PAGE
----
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From "Ted Leung" <twle...@sauria.com>
Subject Re: Help wanted: more qualified developers
Date Sun, 01 Apr 2001 22:27:28 GMT

----- Original Message -----
From: <Scott_Boag@lotus.com>
To: <general@xml.apache.org>
Sent: Friday, March 30, 2001 8:09 PM
Subject: RE: Help wanted: more qualified developers

> Matthew Brandabur <matthew.brandabur@oracle.com> wrote:
> > The subject line of this thread sort of backs me up.
> Matthew, sorry, you are right.  Should have been: Help wanted: more
> qualified contributers.
> Arved Sandstrom <Arved_37@chebucto.ns.ca> wrote:
> > I would go so far as to say that _all_ of
> > the FOP committers are part-time volunteers. In addition, I think it is
> > worth mentioning that all of the committers and probably most (if not
> all)
> > of the most knowledgeable developers are heavily engaged in real-world
> > stuff, and our pace of development is suffering.
> There seem to be at least several different types of contributers:
> 1) Bug fixers -- people who discover defects in the course of using the
> product.
> 2) part-time volunteers.
> 3) full time contributers who are paid for doing working on the project.
> One problem with full time contributers is that they can overwhelm
> part-time volunteers, and make them feel like they can't keep track of
> mail, code, etc.  But, as Arved said, if you only have part time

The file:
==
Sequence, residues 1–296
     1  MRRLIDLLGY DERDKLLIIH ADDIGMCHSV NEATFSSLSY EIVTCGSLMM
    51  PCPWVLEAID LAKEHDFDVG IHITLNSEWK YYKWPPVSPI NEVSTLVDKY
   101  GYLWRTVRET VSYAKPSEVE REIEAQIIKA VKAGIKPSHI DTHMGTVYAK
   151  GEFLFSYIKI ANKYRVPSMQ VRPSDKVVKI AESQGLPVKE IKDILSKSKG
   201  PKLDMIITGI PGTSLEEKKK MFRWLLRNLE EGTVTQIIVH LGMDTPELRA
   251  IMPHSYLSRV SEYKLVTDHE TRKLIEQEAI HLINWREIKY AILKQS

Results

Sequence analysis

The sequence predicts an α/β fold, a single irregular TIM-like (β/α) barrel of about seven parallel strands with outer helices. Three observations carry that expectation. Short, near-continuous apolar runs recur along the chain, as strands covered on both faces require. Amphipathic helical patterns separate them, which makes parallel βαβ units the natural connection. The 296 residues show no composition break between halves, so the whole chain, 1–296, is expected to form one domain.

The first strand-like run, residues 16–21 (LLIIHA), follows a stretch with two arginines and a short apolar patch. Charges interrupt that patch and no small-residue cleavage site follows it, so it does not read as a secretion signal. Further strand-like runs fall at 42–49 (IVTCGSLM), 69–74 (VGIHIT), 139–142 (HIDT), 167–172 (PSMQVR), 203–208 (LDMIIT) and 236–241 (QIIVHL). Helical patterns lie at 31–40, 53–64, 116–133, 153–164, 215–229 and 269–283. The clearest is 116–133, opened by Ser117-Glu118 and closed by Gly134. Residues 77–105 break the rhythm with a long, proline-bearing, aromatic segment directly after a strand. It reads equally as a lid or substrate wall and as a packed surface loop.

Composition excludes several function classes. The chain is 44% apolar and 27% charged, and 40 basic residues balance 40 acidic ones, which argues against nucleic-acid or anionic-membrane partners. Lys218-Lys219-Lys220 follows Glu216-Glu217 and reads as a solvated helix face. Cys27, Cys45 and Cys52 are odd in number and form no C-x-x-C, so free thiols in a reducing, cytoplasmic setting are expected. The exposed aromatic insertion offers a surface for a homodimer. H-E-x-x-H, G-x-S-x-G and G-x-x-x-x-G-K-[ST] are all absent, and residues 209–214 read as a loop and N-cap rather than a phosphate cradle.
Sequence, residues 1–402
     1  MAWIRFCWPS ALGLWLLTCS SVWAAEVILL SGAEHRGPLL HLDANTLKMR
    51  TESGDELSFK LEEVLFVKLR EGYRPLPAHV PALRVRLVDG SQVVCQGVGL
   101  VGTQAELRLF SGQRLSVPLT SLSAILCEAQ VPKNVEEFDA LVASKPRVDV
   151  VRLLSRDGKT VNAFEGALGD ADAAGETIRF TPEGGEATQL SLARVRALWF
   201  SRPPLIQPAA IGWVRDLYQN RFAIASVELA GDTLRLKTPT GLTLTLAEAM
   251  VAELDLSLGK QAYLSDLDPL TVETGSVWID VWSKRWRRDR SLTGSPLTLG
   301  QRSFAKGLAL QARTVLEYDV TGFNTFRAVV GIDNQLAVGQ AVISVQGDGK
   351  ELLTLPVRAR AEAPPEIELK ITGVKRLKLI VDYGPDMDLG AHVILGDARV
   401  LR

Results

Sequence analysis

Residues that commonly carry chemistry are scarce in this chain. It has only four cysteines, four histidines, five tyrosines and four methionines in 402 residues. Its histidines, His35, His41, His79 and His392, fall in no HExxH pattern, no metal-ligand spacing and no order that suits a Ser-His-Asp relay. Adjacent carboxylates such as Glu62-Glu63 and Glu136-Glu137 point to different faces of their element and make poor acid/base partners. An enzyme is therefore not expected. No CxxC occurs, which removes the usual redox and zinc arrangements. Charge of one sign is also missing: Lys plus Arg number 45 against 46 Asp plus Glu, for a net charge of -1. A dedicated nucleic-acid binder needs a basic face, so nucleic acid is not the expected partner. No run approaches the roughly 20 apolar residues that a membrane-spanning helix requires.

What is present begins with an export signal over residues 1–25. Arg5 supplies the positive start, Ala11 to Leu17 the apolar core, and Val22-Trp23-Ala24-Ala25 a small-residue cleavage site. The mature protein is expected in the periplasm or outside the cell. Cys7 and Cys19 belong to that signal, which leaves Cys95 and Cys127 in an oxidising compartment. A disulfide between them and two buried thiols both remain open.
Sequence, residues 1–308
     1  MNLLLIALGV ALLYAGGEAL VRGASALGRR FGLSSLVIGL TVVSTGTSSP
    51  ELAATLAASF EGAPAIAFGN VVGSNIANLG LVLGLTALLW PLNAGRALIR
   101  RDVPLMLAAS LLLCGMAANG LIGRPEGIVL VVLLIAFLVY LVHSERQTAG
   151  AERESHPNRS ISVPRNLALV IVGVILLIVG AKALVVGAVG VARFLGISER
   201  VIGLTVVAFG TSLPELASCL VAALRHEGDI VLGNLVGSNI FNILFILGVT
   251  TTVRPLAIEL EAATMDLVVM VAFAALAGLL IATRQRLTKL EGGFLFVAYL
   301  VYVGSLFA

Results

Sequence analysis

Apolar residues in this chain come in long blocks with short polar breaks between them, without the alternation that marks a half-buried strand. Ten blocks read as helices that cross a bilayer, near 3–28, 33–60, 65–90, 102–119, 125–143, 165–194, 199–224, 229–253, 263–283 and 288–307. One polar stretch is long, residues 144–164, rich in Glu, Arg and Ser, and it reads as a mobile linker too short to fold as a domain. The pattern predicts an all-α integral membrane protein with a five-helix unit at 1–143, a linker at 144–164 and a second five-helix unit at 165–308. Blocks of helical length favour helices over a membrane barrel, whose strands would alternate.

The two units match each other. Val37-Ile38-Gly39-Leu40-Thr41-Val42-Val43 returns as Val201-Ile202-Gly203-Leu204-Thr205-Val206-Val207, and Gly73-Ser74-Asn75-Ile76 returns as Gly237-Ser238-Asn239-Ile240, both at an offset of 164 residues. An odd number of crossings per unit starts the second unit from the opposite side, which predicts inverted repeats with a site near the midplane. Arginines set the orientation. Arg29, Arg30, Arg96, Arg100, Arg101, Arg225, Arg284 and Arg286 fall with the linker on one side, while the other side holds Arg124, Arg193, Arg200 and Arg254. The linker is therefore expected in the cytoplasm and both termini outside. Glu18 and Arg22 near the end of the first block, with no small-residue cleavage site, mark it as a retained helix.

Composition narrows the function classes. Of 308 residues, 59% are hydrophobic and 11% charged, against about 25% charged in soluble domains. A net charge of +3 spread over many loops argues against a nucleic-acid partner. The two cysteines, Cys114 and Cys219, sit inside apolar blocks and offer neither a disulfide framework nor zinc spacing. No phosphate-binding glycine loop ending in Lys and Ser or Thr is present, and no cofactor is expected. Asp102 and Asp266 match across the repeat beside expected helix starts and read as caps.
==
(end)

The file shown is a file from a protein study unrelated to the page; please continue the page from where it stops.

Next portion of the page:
> contributers, it's hard to maintain the pace of development that we all
> want and need.  Also, if a project has several full time contributers in
> paid by XYZ company, another company that may only have one or two
> part-time contributers may feel like XYZ company is driving the project
> only for their own purposes.  Also, if several paid contributers work in
> the same office, they probably talk a lot about design issues in the
> hallway (i.e. offline), and get in the habit of exchanging private email
> know this happens a lot with the Lotus Xalan team).

I think that there are some things that could be done to improve things
between full-time and part-time contributers.   A lot of those things
extra effort on the part of the full-timers.  I know that can be difficult
justify when the company paying the full-timers has specific feature
deadlines that it is trying to acheive.

> One thing to think about is how to get companies that are using the
> software to contribute a full time contributer or two.  Unfortunately,
> small companies, and quite a few big ones these days, can't afford this.
> It would be interesting to consider some sort of co-op type thing where
> several companies could pool some funds.  (I'm sure Brian has thought of
> this at one time or the other).

I'd like to see us expand on this idea some more.  In my case, I am the
owner of my own company.  Assuming that I can meet my financial
objectives this year, I have plans to set aside substantial amounts of time
to work on ASF related stuff.  So assuming that things go according to
plan, I'll be doing this on a small scale - except that I won't be able to
myself to do this full time.

> "COFFMAN Steven" <SCoffman@COVANSYS.com> wrote:
> > Not to be overly obvious, but useful contributions that don't require
> > familiarity with large amounts of code are the most common entry of
> > into dev.
> Right.  In Xalan we have several extension mechanisms which is a really
> good place where developers can write a small code module that can do
> really useful things.  We also tried hard to localize the main code
> packages, so to debug a problem your knowledge of the whole code base